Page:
SitNews - Stories in the News - Ketchikan, Alaska

Alaskan Growers School Targets Rural Alaska Natives


August 27, 2011

(SitNews) - Donavan Kienenberger picked up a blue, three-gallon plastic tub and turned to his students, “OK guys. Let’s do worms.” The 11 participants in this year’s Alaskan Growers School gathered around Kienenberger for their class last week on composting with worms. Each participant used an electric drill to puncture ventilation holes in a tub and added torn newspaper, handfuls of soil and around 10 small red worms - the ingredients of a composting factory.

The students, who hail from Ketchikan to Fort Yukon, attended the recent two-week Alaskan Growers School in Fairbanks. The University of Alaska Fairbanks Cooperative Extension Service coordinates the school, which aims to teach Alaska Natives skills to grow enough food for themselves and 10 other families. The school is funded by a three-year grant from the U.S. Department of Agriculture Beginning Farmer and Rancher Development Program.

Project director Heidi Rader, tribes Extension educator at Tanana Chiefs Conference, said she hopes the school will help Alaska Natives in rural communities grow food to complement subsistence activities. “The goal is to introduce people to a variety of skills and maybe even start a business,” she said.

The school drew participants from Dillingham, Nikolai, Tetlin, Ruby, Aniak, Fort Yukon, Manokotak, Holy Cross, Ketchikan and North Pole. Some want to learn how to raise enough food for themselves and their extended families. Others are considering selling their produce.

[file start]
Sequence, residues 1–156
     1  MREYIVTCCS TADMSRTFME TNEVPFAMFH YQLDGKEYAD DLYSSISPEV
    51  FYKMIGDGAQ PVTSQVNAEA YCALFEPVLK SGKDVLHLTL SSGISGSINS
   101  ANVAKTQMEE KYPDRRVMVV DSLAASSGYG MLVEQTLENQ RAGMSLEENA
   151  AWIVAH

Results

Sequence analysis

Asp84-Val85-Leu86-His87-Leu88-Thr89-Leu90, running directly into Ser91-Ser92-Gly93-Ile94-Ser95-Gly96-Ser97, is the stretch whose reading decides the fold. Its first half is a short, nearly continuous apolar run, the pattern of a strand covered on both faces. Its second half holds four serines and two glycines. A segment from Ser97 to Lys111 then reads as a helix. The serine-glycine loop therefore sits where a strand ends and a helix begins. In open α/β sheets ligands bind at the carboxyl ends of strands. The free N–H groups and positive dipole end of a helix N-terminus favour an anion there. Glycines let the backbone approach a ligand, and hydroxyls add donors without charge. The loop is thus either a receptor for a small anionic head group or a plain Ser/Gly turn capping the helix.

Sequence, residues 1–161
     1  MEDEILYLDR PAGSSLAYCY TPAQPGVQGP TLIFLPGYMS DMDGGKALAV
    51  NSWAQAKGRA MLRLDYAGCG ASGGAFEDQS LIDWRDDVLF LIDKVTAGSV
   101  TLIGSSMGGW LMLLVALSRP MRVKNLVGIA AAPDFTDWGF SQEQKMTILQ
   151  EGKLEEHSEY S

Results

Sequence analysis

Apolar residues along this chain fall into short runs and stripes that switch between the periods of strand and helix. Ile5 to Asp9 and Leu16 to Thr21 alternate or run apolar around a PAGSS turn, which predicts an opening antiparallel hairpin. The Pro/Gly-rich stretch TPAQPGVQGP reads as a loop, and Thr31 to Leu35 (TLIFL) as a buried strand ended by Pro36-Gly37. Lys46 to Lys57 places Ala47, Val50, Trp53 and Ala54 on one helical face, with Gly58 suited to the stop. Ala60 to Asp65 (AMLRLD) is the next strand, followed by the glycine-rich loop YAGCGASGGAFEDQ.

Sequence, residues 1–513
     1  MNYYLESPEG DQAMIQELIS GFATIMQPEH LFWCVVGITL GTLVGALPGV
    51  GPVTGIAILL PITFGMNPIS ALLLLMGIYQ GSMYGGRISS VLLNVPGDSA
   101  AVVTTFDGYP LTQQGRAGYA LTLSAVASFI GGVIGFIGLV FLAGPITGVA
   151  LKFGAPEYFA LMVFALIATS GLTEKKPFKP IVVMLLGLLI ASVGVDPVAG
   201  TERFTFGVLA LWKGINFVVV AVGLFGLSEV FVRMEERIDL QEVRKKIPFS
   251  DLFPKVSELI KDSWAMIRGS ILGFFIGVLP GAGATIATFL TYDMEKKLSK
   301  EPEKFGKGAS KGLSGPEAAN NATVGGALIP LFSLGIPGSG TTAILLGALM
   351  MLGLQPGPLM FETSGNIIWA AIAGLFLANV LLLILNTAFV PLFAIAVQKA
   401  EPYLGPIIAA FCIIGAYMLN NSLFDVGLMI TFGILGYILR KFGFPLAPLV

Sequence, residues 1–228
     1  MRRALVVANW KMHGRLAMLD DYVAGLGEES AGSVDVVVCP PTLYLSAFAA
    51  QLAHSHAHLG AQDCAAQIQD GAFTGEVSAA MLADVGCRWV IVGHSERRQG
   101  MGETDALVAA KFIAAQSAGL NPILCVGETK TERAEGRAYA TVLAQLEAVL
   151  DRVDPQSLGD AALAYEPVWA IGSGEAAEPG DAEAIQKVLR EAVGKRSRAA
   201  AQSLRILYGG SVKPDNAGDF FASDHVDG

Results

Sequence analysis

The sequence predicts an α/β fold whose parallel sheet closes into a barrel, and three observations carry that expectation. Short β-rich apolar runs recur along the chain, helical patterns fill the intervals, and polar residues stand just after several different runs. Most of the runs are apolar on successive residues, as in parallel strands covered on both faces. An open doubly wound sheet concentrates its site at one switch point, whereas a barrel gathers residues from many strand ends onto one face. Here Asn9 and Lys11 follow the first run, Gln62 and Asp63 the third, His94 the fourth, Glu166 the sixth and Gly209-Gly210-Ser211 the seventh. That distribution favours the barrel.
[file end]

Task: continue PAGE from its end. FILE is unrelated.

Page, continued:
Dale Gimple of Nikolai said he hopes to buy less from the village store, where 10-pound bags of potatoes cost more than $20. He also hopes to provide for a large extended family. Diane John of Tetlin gardened for the first time last year and raised enough to share with family members and elders. She doubled her garden space this year. She has two raised beds, a greenhouse and a potato patch. She’s learned a lot about gardening from the school, including how to build a better greenhouse and test her soil.

In addition to the in-person school in Fairbanks, Kienenberger and Rader offered a beginning growers’ school this spring through various distance delivery methods. More than 40 participants from 26 Alaska communities participated in the series of 10 lessons, which were offered by correspondence, teleconference and two online methods. Kienenberger and Rader will evaluate which method works best for rural residents.

Rader expects to offer an advanced class this fall by distance delivery and more classes next year, once the effectiveness of the distance delivery methods is evaluated.

Applicants for the advanced school must have completed the beginner’s school or the online Alaska Master Gardener program. The Master Gardener Program covered many of the same topics in the Beginning Alaskan Growers School.will bring you up to speed with other students taking the Advanced Alaskan Growers School.

Although the program is open to anyone in Alaska, students from the Tanana Chiefs Conference region will be given priority for enrolling in the course as they are a partner on the grant.

The project was supported by the Beginning Farmer and Rancher Development Program of the National Institute of Food and Agriculture.


Edited by Mary Kauffman, SitNews


On the Web:

Alaskan Growers School

Master Gardener Program

Master Gardener Online Course

Alaska Master Gardener Blog

Source of News: 

University of Alaska Fairbanks


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Stories In The News
Ketchikan, Alaska

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